Domash, Dollars and Dividends
Harry Domash covers the full spectrum of dividend investing to find the best income opportunities in the current market environment. Here, the editor of Dividend Detective discusses his strategy and a trio of top income ideas.
Steve Halpern: Our special guest today is income-investing expert, Harry Domash, editor of Dividend Detective. How are you doing today Harry?
Harry Domash: I'm doing fine; how are you doing?
Steve Halpern: Very good; thank you for taking the time. Can you give our listeners an overview of your investment strategy and talk in general about the importance of dividends, as part of an investment portfolio.
Harry Domash: Well, I didn’t start out with dividends; I don't know whether you know this or not, but I used to have a newsletter called Winning Investing, which was all about growth “stocks and rockets”. This was in the late 1990s, when the internet boom was happening.
Then when the internet stocks crashed, around 2000, I decided to put in some dividend-paying portfolios into my newsletter, just so people would have something to buy while the tech stocks were going down.
Over the years, I had these in Winning Investing and I noticed at the end of the year it was always the dividend portfolios that outperformed; even though I had all of these rockets in the growth portfolio. Rockets crash. I ended up deciding that the dividend stocks just look like a long-run, more profitable way to go.
Around early 2000s, I started a separate website called Dividend Detective and then I made it a premium site a year or two later. In end of 2008, I closed Winning Investing and just concentrated on Dividend Detective.
The reason is that in investing, it’s kind of slower and steady is better. I found dividend stocks really work well.
Steve Halpern: Now, one of the most valuable parts of your advisory service is your four sample portfolios. Can you explain how you compiled these portfolios and how they differ from each other?
Harry Domash: Well, I started with three; one was conservative portfolio, which was supposed to be a low-risk portfolio. Of course, that’s hard to predict what’s low risk until it’s too late.
But then, I also had the Growth and Income; the portfolio was designed to track the market in a sense. In other words, in a strong market, Growth and Income stocks outperform regular dividend stocks. All of these are dividend payers but the ones that have high growth outlook are the ones that perform best in a strong market.
Then I had high-yield speculative portfolio for investors who want to walk a little bit on the wild side and just want to take a little more risk -- with the chance of getting higher returns.
Then about a year-and-a-half ago, I added a fourth one, called Monthly-Paying Stocks. That’s not too exciting a name, but people -- a lot of subscribers of Dividend Detective -- are retired and want monthly income.
That’s who this portfolio was aimed at. In fact, in the next month or so, I'm going to rename it to the monthly paying retirement portfolio or something like that. Those are the portfolios that we have.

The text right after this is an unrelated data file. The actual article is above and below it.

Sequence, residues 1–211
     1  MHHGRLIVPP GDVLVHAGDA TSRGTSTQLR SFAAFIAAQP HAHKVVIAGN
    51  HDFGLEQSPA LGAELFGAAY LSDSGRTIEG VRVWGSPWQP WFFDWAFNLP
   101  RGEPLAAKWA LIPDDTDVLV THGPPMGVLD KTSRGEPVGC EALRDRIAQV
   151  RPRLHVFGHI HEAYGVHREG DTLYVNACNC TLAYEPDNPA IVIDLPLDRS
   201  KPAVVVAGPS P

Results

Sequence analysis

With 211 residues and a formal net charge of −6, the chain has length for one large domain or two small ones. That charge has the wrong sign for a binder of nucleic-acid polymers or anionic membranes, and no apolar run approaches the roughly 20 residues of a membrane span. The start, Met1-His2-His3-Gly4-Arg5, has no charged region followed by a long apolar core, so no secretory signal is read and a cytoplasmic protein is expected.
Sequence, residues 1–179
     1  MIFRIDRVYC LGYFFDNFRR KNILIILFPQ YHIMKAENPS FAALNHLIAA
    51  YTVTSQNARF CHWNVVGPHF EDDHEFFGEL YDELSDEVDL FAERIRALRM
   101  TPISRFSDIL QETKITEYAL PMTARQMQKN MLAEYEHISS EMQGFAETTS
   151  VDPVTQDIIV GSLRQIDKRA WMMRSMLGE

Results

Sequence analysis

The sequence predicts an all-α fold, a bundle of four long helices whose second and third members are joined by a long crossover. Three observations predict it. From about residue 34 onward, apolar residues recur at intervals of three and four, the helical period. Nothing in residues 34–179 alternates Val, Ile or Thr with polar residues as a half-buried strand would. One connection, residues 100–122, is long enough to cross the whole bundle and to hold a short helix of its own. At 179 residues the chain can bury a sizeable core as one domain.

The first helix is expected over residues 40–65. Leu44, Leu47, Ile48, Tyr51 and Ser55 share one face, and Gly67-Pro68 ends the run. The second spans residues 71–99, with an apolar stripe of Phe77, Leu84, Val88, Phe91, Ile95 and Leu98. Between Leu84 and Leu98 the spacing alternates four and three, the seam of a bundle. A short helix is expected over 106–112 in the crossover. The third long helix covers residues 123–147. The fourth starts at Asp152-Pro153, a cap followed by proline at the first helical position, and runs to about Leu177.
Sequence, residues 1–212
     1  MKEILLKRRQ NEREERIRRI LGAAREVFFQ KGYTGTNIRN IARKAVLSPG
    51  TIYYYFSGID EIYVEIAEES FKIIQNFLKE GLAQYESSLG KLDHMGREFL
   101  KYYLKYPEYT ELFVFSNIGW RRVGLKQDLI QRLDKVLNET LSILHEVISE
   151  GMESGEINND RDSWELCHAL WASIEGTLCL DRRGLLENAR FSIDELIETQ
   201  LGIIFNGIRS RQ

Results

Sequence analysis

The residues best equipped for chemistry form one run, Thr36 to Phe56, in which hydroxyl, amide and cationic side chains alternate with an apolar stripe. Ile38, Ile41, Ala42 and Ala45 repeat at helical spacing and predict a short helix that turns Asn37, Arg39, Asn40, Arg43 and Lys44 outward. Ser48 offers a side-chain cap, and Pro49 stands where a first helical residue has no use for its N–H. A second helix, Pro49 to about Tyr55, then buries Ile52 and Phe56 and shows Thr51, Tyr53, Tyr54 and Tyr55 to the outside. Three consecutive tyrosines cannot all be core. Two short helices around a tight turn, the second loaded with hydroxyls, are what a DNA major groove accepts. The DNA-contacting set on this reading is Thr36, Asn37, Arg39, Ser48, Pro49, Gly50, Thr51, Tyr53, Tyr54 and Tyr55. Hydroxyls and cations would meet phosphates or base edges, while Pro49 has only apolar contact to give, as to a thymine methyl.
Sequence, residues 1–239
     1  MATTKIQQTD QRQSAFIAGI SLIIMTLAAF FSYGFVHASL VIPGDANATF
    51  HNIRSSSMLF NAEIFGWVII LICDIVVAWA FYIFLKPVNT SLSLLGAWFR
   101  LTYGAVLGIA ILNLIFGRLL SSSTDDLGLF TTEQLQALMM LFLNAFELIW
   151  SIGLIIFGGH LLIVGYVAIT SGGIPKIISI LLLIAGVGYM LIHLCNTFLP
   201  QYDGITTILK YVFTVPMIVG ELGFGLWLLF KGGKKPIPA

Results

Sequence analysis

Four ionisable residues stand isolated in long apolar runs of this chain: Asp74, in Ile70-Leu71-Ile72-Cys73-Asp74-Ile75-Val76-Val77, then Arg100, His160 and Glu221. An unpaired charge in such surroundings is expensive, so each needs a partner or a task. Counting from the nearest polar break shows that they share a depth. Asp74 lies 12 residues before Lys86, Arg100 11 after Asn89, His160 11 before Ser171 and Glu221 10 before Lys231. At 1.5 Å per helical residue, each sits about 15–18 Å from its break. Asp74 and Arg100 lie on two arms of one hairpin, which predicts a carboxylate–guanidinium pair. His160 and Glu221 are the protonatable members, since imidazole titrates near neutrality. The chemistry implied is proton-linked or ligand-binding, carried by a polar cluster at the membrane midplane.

Steve Halpern: Now, you cover a very wide breadth of income opportunities; are there any particular subsectors of the income market where you’re seeing the best opportunities now?
Harry Domash: Yes, as everybody is aware, this is a treacherous market and anything can happen. What I've found is - first of all -- preferred Stocks, which are more akin to notes or bonds than they are to common stocks, they’ve been a really hot sector this year and are doing well. I'm advising subscribers to overweight those.
Another area that’s done really well this year is Real Estate Investment Trusts, or REITs, as they are called. There are two kinds of REITs; the kind that invest in property and the kind that invests in mortgages and secured by property.
When I say Real Estate Investment Trusts have been good in this market, I'm talking about property REITs; those that own shopping centers and housing, apartment house and office buildings and things like that.
The ones that invest in mortgages, I don’t expect them to do well -- especially, if interest rates rise.
Steve Halpern: Now, looking at some of your specific recommendations, within your portfolio of Preferred Stocks, you recently added an issue that was related to eBay (EBAY). Could you tell us about this?
Harry Domash: Well, preferred stocks; we’re not the only ones that have realized preferred stocks are a good place to be now.
Preferred stocks, generally, most of them are issued at $25 a share and they can be called, typically, five years later $25 a share; but because the preferreds are kind of popular now, a lot of them are trading at $26, $27, even $28.
And the downside of that is when it can be called -- usually five years later, at $25, you’re going to lose that $3.
You have to factor that in and you do that by calculating it yield-to-call, which is how much your net yield would be if you bought a stock for $27 and you had it called at $25, five years from now; that sort of thing.
What’s happening, is preferred stocks tend to be going up in price, almost every month.